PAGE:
1I.A. In Asha Bibi v. Nabissa Sahib, : AIR1957Mad583 , Ramaswami J. observed thus (at p. 587):
'Techinically the -word family may be taken to mean the collective body of persons who live in one house and under one head or manager; and includes within its fold a house hold consisting of parents, children and servants and as the case may he lodgers or boarders. Under the Mussalaman Wakf Validating Act, it is intended to be used in a broad and popular sense. Popularly however the term indicates persons descended from one-common progenitor and having a common lineage. It will take in both agnates and cognates and relations by blood or marriage. The nephews of the settlor are in this sense the members of his family. Similarly daughters-in-law, the son of a half brother or the son of a half-sister.'
12. In Ramubai v. Jiyaram : AIR1964Bom96 the Bombay High Court had to interpet the word 'family' occurring in Section 106 of the Transfer of Property~ Act. One of the contentions that was urged was that married daughters in a Hindu family but who had gone out of the family could not be considered to be of the family ot the remaining members. The Bombay High Court observed thus (at p. 100):
'Thus, it cannot be said that merely because the' parties to this litigation are Hindus the word 'family' should receive a restricte4 interpretation. The Word seems to be used in a broad sense and would mean all those who are connected by blood relationship or marriage, and are therefore to be considered as belonging to the family. It is not also possible to accept this contention that even in the case of Hindu families girls who are married and go to the husband's families are not of the family of their father or cease to belong to the family of their father. What. ever may be the concept at the time, under the existing law, even married daughters take substantial interest in the family. and the family property. Thus, the prevailing concept as to family, far from being restricted, has been considerably expanded by creating interest in the family and substantial interest for many persons who had no such interest in the property, 4wh as widows of predeceased heirs, -or even married or unmarried daughters or widowed daughters. Thus the whole concept has been enlarged by legislation and it would be putting too narrow a construction on the concept of the word 'family' in Hindu Law if married daughters are considered to be outside the family. I am inclined to accept the literal interpretation and hold that even married daughters may be said to be of the family.'
13. In Nagpur Corporation v. Nagpur Handloom Cloth Market Co., : AIR1963SC1192 the Supreme Court was called upon to interpret the word 'family' occuring in Rule 10 (a) of the Rules for assessment of conservancy tax under that City of Nagpur Corporation Act, 1948, The Supreme Court observed thus (at p. 1197):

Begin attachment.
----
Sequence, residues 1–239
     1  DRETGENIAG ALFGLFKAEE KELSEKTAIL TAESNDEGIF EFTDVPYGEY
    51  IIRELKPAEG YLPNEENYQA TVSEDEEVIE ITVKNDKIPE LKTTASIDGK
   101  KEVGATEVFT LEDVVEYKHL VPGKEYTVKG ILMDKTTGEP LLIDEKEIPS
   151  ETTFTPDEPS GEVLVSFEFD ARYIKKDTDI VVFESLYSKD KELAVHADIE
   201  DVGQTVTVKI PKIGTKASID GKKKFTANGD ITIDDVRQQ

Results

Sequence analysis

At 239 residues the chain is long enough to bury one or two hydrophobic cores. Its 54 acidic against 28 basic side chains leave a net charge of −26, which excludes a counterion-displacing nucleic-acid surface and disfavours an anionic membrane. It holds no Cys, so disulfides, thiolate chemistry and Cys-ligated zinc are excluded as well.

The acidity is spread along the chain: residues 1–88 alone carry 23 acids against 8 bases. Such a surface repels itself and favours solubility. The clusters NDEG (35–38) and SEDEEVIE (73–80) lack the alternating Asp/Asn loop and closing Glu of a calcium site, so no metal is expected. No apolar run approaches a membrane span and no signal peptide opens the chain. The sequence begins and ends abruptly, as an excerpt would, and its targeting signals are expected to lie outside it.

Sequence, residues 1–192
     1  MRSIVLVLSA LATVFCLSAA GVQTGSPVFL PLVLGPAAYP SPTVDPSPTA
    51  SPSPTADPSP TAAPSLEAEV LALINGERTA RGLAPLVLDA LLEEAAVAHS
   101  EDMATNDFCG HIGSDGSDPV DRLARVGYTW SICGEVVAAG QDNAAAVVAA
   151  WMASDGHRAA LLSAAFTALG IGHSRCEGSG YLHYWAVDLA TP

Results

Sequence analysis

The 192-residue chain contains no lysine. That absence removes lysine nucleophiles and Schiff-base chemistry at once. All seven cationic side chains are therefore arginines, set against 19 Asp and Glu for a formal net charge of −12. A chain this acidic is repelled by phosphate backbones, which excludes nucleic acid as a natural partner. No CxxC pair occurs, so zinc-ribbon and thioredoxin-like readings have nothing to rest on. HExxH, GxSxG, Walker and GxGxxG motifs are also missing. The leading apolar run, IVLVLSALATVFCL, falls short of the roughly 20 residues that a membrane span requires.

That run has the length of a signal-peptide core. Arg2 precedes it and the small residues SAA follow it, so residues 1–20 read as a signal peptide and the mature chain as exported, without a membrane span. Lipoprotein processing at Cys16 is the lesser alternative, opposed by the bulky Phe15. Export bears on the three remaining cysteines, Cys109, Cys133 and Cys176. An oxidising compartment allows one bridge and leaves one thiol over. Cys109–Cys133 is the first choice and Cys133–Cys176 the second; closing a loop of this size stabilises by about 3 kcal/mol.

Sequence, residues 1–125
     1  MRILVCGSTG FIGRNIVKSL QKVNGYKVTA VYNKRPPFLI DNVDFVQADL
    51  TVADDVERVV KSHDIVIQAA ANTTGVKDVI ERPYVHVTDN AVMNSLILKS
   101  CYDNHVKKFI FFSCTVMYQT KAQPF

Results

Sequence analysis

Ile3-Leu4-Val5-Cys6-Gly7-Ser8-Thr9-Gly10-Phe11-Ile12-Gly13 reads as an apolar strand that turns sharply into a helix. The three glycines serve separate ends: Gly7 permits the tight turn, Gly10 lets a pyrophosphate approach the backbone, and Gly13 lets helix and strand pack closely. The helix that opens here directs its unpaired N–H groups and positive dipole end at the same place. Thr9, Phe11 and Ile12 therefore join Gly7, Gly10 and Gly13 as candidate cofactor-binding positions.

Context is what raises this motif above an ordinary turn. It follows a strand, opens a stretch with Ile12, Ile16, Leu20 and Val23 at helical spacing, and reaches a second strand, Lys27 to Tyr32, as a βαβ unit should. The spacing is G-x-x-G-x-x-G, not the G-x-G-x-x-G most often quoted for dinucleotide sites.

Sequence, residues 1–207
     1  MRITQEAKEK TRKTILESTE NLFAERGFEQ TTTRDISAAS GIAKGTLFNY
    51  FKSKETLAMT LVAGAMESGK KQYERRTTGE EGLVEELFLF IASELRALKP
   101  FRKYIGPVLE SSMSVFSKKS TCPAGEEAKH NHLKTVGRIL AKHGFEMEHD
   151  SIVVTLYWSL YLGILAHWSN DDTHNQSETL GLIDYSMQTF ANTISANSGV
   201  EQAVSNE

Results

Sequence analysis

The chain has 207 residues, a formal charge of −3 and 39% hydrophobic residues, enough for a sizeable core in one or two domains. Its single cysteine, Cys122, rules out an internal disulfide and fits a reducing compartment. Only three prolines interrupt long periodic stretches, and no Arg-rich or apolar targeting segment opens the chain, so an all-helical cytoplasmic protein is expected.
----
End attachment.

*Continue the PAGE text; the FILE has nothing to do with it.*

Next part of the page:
'But the expression 'family' has according to the context in which it occurs, a variable connotation. 1, does not in the sating of the rules postulate the existence of relation. ship either of blood or by marriage between the persons residing in the tenement. Even a single person may be rgarded its a family, a master and servant would also be so regarded. The word 'occupy' used in R. 10 (a) is not restricted either expressly or by
anything contained in the context of the rule suggesting it that the occupation is to be only for' residential purposes and in the absence of any such implication the rule must be deemed to be of general application L e., it applies to uses as non-residential as well as residential. The expression 'family' must therefore take colour from the expression 'occupy' used in the same rule. In our view, the expression 'family', in the context in which it occurs, means, no more than a person or group of persons'.
14. In Sukumar v. Naresh Chandra, : AIR1968Cal49 , Section 13(A)(f) of the West Bengal Premises Tenancy Act 12 of 1956 arose for consideration. The said section permitted a decree for recovery of possession being passed against the tenant on the ground that the premises wore reasonably required by the landlord among others for his occupation if he is the owner. It was accepted by counsel for the tenant that reasonable requirement by. the landlord for his own occupation included the accommodation reasonably necessary for occupation by not only the owner of the premises, but also his members of the family. The further queastion that arose was whether second degree cousins like father's sister's sons could be considered to be a member of the family far less the wives and children of such cousins and a paternal cousin of such a cousin. It was in this context the question as to the meaning to be attached to the expression 'members of the family' arose for decision. The learned Judge observed thus (at p. 55):